Patients were recruited from six general medical practices in the South West of the United Kingdom between May 2014 and June 2015. Potential participants were approached via a letter from their General Practitioner. Eligible patients were men and women aged 40–70 years treated in primary care and with medium (≥10 and < 20%) or high (≥20%) risk of cardiovascular disease and/or type II diabetes. Risk scores were based on QRISK and QDiabetes prediction algorithms [16, 17] using clinical data. As our focus was on prevention, patients with existing coronary heart disease, heart failure, peripheral arterial disease, stroke, chronic kidney disease and diabetes mellitus were excluded. Individuals unable to increase physical activity or highly physically active individuals (a PAL – the ratio of total energy expenditure to basal metabolic rate – greater than 2.0) were also excluded.
Randomisation and allocation
Eligible patients were allocated to one of two groups using an unequal allocation ratio (intervention: control) of 2:1, primarily to increase our experience with and amount of information on the new intervention with respect to delivery, receipt, and enaction . Participants were allocated remotely by the trial statistician via concealed minimisation , providing balance across the trial arms for sex (male/female), general practice (1–5), risk (both cardiovascular disease and type II diabetes; medium/high) and baseline PAL (< 1.75 or > 1.75). Individual patients were the unit of randomisation, but there was no threat of contamination within a practice given that the intervention was personalised. Researchers assessing the primary outcomes were blinded to the allocation of participants.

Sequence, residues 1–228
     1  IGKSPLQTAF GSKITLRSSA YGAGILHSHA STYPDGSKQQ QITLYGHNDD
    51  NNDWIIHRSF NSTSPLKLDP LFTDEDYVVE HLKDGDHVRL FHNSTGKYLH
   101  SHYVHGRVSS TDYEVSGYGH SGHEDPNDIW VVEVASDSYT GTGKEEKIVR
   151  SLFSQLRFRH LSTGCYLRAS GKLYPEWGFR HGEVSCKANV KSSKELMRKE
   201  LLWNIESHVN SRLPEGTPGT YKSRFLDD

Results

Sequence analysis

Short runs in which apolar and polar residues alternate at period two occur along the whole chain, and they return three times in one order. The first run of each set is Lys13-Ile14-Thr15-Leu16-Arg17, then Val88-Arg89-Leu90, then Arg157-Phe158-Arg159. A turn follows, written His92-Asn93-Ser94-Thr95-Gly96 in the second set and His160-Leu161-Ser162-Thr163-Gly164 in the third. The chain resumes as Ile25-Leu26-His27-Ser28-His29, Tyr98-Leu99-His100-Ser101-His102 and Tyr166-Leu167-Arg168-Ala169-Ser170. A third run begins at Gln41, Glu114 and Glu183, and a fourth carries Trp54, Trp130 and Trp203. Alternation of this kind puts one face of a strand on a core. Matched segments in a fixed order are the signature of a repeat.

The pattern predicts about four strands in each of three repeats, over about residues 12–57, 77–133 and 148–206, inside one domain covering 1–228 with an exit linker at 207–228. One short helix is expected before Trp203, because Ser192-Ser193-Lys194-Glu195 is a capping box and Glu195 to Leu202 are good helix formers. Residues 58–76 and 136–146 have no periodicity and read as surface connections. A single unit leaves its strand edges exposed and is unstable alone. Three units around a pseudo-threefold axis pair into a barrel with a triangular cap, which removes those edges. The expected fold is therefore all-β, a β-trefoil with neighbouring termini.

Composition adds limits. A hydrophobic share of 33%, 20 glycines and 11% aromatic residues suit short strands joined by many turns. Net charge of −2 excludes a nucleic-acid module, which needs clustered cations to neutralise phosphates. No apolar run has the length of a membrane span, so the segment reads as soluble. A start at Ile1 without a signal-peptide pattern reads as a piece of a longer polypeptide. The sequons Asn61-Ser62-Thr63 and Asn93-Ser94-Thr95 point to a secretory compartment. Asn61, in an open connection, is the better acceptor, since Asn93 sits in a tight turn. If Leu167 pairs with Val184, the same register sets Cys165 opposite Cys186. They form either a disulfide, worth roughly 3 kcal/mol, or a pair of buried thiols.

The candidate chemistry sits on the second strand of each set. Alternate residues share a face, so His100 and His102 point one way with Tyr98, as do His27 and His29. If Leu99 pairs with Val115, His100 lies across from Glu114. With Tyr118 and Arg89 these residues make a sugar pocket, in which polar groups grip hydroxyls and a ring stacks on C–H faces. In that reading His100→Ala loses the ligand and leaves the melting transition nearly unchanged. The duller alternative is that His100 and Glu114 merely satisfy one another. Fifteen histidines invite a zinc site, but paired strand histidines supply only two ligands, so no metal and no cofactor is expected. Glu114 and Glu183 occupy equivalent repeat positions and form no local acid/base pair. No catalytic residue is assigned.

The MIPACT intervention was a complex ‘treatment package’ developed in line with Medical Research Council guidelines for the development of complex interventions , and has been described previously  (see Additional file 2 for TIDieR checklist for intervention description). In brief, intervention content was developed by the project team and was informed by prior research on multidimensional physical activity and feedback in at-risk patient populations in primary care [12, 14]. We showed that at-risk groups were confident in using the technology and found feedback to be understandable and motivating. However, consistent with other qualitative work in at-risk patients  it was identified that health trainer support would be useful for sustaining motivation and engagement.
Behaviour change techniques common with successful lifestyle interventions were targeted by both the web-based app and the trainers . The most prominent behavioural strategies in the web-based app (corresponding to an established taxonomy) , included feedback on behaviour (2.2), self-monitoring of physical activity behaviour (2.3), setting and reviewing goals in the context of target dimensions (1.1 & 1.5) and visualising the discrepancy between one’s behaviour and the health target (1.6). Health trainers were able to tailor the content of their discussions but were encouraged to discuss action planning/implementation intentions of physical activity (1.4), the health consequences of physical activity (5.1), instruction on how to perform specific physical activities (4.1) and building self-belief (15.1 & 15.3).